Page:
The way Natale tells it, he made a very calculated choice to develop his trademark aesthetic. He studied extensively — three years of interior design at Sydney’s Design Centre Enmore, followed by visual arts at Sydney College of the Arts and then architecture at the city’s University of Technology — and hit the job market in 1996, when the Australian interiors world was dominated by minimalism. “Everything was white, everything looked the same,” he recalls. “It was very inspired by what was going on in London with John Pawson and David Chipperfield. When I started my own business, I thought, ‘If I do that too, I’m not going to stand out.’ ” Setting up his firm, in 2001, he decided to adopt a much more decorative approach. Natale’s first solo project was a one-bedroom apartment for his eldest sister, Sabrina. He created an overall look for the home by using a custom-colored print by legendary Australian designer Florence Broadhurst for the wallpaper, blinds and bed linens. It was published by both Belle and Wallpaper* — and within no time at all, Natale’s phone was ringing off the hook.
Ask him about his aesthetic influences, and he’ll mention designers of the past like Giò Ponti, David Hicks and Verner Panton. One can also discern in his work echoes of both Kelly Wearstler and Jonathan Adler. For Natale, it’s important that his rooms have visual impact. He loves metals (especially brass and chrome) and combining black and white. “The contrast creates drama,” he states. He also adopts a very tailored approach to his interiors. “It’s like how I dress,” he explains. “Even if I buy something off the rack, I go straight to the tailor to have it altered.”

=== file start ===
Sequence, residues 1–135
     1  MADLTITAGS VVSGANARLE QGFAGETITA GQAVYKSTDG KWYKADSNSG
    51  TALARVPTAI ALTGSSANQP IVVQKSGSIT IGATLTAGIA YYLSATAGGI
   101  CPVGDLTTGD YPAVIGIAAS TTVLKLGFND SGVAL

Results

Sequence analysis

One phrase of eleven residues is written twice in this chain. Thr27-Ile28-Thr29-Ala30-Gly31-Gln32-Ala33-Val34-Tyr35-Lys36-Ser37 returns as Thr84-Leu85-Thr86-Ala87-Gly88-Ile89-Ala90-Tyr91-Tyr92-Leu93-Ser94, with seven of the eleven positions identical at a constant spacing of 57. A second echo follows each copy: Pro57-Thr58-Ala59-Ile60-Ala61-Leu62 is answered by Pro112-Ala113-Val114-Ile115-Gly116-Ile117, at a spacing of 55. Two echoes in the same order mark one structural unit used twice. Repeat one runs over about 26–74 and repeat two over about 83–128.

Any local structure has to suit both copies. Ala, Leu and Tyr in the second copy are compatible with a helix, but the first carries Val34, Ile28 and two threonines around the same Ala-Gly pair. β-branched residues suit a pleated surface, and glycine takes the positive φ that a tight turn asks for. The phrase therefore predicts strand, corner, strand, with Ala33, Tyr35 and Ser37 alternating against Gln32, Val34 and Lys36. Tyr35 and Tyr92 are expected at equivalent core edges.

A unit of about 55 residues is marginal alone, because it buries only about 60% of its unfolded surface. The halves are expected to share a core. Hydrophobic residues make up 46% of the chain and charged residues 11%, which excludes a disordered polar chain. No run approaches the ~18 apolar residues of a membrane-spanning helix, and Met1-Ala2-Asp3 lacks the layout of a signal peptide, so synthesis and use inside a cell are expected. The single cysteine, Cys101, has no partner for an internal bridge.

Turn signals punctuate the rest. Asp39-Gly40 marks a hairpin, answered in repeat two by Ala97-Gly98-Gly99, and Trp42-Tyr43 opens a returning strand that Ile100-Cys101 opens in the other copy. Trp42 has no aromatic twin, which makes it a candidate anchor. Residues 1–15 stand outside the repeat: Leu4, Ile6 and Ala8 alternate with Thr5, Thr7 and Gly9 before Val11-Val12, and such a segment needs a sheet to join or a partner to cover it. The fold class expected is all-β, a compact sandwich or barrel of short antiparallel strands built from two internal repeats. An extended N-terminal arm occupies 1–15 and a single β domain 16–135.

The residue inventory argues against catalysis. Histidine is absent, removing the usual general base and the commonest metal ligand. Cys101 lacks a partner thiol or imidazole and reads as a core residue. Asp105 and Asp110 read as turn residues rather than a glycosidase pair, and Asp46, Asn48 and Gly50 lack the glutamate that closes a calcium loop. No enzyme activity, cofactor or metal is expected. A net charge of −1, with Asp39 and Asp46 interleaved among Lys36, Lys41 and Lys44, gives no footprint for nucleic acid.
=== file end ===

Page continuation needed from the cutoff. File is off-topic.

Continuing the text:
His first book was actually entitled The Tailored Interior and in both that and the current tome, Natale leads the reader through his design approach, proffering numerous tidbits of advice along the way. “A note about color,” he writes in his first book, “I never consider it a starting point and recommend you do the same. To start with a particular shade can be both inhibiting and intimidating, directing your choice too early in the process.” He also cautions against buying a patterned sofa: “The piece is so large that a bold pattern will dominate the room.”
In addition to his eye for design, Natale’s drive and commitment earn high marks from Belle’s Buchanan. “He’s very focused,” she says. “He could have been frivolous and bought himself a gorgeous house or something, but he has reinvested in his business.” Natale has also developed various licenses over the years, which include collaborations with the Australian firm Designer Rugs and the French furniture brand Grange. During the 2018 Salone del Mobile furniture fair, he unveiled a tile collection for Bisazza featuring motifs based on malachite, the Great Barrier Reef and moiré fabric. “He uses pattern in a very original fashion,” says the firm’s communication director, Rossella Bisazza, “and displays a taste for a luxury that is both discreet and very masculine.”
Natale recently launched his own accessories collection, comprising vases, bowls, boxes and trays in marble, brass, shell and ceramic. He’s looking to open his first store, in Sydney, next year. He has a few more long-term goals, too, prominent among them designing either a plane or boat. “They’re always quite glamorous, aren’t they?” he asks, rhetorically. “That would be the ultimate dream.”